Lidl US has announced a voluntary recall for its 8.4-ounce Favorina branded Advent Calendar because of potential Salmonella contamination.
“This issue was found during routine testing, which Lidl performs on an ongoing basis to help ensure safe and quality products for our customers,” according to the company’s recall notice posted by the Food and Drug Administration.
There is concern that some consumers may have this product in their homes because of its long shelf life.
This voluntary recall was issued because some items may be contaminated with Salmonella. Units affected by this recall:
- Were available for sale at Lidl stores between Oct. 12, 2022 and Dec. 5, 2022
- Have a BEST IF USED BY year of 2023
- Have a barcode number of 4056489516965
Lidl US has received no reports or complaints of illness related to this product to date.
If customers have purchased this product, they should not consume the product, and immediately return it to their nearest Lidl store for a full refund.
Customers who have questions about this voluntary recall should call the Lidl US Customer Care Hotline at 844-747-5435.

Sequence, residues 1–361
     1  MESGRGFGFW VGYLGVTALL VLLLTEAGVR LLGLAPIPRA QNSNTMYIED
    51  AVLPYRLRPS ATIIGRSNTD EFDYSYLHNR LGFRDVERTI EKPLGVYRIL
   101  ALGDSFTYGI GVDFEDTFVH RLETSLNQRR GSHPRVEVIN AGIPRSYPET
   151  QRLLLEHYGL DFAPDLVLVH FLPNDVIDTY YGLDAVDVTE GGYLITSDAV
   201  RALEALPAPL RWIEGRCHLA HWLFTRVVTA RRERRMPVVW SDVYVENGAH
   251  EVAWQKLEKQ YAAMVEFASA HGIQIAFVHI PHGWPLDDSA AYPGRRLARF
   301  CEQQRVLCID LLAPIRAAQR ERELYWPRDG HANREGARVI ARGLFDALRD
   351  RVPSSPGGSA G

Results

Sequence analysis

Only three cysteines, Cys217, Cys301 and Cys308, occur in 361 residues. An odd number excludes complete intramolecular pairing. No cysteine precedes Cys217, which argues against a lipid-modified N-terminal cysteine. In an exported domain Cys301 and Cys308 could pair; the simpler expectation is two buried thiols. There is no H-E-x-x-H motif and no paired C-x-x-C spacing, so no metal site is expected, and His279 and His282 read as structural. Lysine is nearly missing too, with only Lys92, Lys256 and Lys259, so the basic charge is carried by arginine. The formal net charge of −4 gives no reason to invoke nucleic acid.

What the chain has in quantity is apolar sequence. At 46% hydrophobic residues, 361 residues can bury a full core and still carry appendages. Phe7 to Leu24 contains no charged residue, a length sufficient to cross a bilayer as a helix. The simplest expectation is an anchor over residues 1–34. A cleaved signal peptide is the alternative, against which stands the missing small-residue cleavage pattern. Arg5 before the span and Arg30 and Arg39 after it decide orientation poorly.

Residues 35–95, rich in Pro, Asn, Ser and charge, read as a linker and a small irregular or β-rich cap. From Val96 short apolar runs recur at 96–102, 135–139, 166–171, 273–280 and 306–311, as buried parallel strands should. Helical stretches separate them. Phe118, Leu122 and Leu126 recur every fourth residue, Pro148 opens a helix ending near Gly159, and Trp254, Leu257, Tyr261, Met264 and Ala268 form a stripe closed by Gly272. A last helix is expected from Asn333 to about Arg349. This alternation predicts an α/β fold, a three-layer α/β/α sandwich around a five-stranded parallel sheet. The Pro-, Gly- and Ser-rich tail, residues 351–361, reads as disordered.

About Salmonella infections
Food contaminated with Salmonella bacteria does not usually look, smell, or taste spoiled. Anyone can become sick with a Salmonella infection. Infants, children, seniors, and people with weakened immune systems are at higher risk of serious illness because their immune systems are fragile, according to the CDC.
Anyone who has eaten any recalled product and developed symptoms of Salmonella infection should seek medical attention. Sick people should tell their doctors about the possible exposure to Salmonella bacteria because special tests are necessary to diagnose salmonellosis. Salmonella infection symptoms can mimic other illnesses, frequently leading to misdiagnosis.
Symptoms of Salmonella infection can include diarrhea, abdominal cramps, and fever within 12 to 72 hours after eating contaminated food. Otherwise, healthy adults are usually sick for four to seven days. In some cases, however, diarrhea may be so severe that patients require hospitalization.
Older adults, children, pregnant women, and people with weakened immune systems, such as cancer patients, are more likely to develop a severe illness and serious, sometimes life-threatening conditions.
Some people get infected without getting sick or showing any symptoms. However, they may still spread the infections to others.
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